Clairvoyant powers

Clairvoyant powers

Part of a series of Bodhisattva’s Breakfast Corner talks given during the Green Tara Winter Retreat from December 2009 to March 2010.

  • Clairvoyant powers are not the purpose of the path
  • Buddha discouraged display of any powers so people stay focused on the path

Green Tara Retreat 029: Clairvoyant powers (download)

Somebody said that they’d been doing the lamrim meditations and in the practice of the far-reaching ethical conduct, there’s a point that seems very strange to them. Where it says that if one has clairvoyant powers then to prove the validity of the Dharma, if all other methods fail, or to stop other’s negative actions, then you should use these clairvoyant powers to do that. They’re asking please to explain this.

The idea is that normally the Buddha said to his disciples that they should not display whatever clairvoyant powers they had. The reason for this is that people would get superstitious and think that these clairvoyant powers were the purpose of the path. They are not. Even if you get these clairvoyant powers just with concentration, you don’t have to have renunciation, wisdom, bodhicitta, none of those things. They would think that worldly people could have these powers.

The Buddha didn’t want people to start thinking these powers were the end-all of the path. Also, people would then get very strange and kind of “gaga-eyed” over people who had these powers. There might be other people who are even better practitioners who don’t have those powers, that then the people would ignore instead of listening to their teachings. It was the Buddha’s way to help people really stay focused on what the path is, and on liberation, not just miraculous things. Then he said that they couldn’t display their clairvoyant powers except in a situation where they could see, through their clairvoyant powers, that this was the only way to convince some people about the validity of the Dharma. It was the only way to prevent some people from doing very negative actions. In those cases, they were allowed to use their powers.

You have a situation even from the Buddha’s own life. We celebrate this. It’s in the lunar calendar in the first month of the full moon day, and it’s called the Day of Miracles. The story behind it is that there were some non-Buddhist ascetics, who had all these miraculous powers, who kept on challenging the Buddha to a contest of miraculous powers. The Buddha kept on saying, “Just forget it, you guys.” He didn’t even want to get involved in any of this. But they kept hammering and hammering and saying, “Oh, you just don’t have any powers. That’s why you don’t want to do it.” In the way of how kids taunt each other on the playground: “You’re a coward.” Finally the Buddha said, “Okay, we’ll do it.” They had the contest of powers and of course the Buddha’s miraculous powers outshone those of the non-Buddhists—and for that reason they converted and became the Buddha’s disciples. You can see that for this purpose that [contest] was the only way to get through to those people.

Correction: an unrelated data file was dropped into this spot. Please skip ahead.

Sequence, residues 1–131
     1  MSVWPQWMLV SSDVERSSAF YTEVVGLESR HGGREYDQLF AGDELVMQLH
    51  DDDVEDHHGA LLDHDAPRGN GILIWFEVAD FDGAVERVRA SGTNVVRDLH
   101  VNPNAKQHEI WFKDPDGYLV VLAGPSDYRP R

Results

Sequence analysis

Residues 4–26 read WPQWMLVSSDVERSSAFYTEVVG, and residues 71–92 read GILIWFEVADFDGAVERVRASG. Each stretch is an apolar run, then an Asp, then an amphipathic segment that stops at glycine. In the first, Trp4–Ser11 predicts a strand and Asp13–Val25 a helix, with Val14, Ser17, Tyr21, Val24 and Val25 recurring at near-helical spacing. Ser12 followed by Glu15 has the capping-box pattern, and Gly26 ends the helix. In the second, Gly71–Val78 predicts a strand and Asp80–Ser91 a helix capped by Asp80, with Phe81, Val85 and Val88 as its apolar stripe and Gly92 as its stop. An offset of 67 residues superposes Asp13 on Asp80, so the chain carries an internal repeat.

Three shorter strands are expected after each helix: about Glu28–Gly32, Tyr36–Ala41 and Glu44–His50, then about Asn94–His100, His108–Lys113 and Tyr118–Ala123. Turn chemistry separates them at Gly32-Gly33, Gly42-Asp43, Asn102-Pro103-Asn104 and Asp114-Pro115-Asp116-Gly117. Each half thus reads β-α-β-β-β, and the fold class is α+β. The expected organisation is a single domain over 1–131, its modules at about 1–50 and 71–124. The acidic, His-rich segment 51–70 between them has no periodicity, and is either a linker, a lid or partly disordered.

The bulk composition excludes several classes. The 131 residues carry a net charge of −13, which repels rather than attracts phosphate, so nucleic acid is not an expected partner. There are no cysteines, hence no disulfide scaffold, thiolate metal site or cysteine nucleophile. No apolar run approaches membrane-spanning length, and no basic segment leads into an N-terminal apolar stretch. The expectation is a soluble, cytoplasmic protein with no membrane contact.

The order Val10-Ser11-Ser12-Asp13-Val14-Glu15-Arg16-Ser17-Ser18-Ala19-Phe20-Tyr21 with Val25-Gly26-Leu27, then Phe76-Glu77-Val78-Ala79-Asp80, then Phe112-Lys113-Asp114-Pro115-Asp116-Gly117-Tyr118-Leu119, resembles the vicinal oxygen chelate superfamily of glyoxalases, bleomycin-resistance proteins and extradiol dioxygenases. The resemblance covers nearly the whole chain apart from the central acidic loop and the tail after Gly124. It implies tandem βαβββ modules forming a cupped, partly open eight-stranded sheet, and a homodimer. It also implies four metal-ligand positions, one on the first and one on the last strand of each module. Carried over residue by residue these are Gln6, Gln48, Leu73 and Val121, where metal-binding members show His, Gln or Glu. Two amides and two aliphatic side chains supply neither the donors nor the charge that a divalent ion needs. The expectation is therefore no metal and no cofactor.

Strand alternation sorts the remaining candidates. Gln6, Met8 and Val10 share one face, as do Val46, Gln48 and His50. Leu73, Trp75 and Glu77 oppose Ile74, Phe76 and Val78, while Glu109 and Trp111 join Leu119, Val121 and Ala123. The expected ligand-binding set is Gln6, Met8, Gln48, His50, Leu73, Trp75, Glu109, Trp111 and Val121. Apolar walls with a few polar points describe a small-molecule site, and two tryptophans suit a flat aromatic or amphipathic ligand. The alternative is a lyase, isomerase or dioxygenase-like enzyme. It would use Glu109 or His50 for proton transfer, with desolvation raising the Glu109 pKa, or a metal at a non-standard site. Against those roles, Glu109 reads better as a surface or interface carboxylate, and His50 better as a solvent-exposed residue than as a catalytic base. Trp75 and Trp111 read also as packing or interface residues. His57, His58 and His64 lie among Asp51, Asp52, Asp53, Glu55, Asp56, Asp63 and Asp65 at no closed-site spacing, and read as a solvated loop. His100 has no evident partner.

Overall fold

There is another story. I’m not sure if it’s this one, or if it relates to some other story where somebody challenged somebody to a feat of miraculous powers. The Buddha kept on saying, “No, no, no, no, no … ” Finally the non-Buddhist insisted—and so, when they went to have the contest, the non-Buddhist couldn’t get off his chair to go the place of the contest because the Buddhist practitioner was using his powers to keep him seated.

The main point here is you do what is best for others. Normally it’s to keep these things within oneself; and if you do use them not make a big deal about them with other people. Otherwise people can get quite distracted from what is important on the path.

Along this same line, I have one friend who says, “Well, if all of our lamas are so highly realized, why don’t they show their clairvoyant powers to convince the rest of us. Then we’ll have more faith in the Dharma.” And I said to him, “Well, if they do that, then you’ll just sit there and go, ‘Wow, show me more!’” You won’t want to practice the Dharma because you’ll be so entranced with something that seems kind of exotic.

Venerable Thubten Chodron

Venerable Chodron emphasizes the practical application of Buddha’s teachings in our daily lives and is especially skilled at explaining them in ways easily understood and practiced by Westerners. She is well known for her warm, humorous, and lucid teachings. She was ordained as a Buddhist nun in 1977 by Kyabje Ling Rinpoche in Dharamsala, India, and in 1986 she received bhikshuni (full) ordination in Taiwan. Read her full bio.

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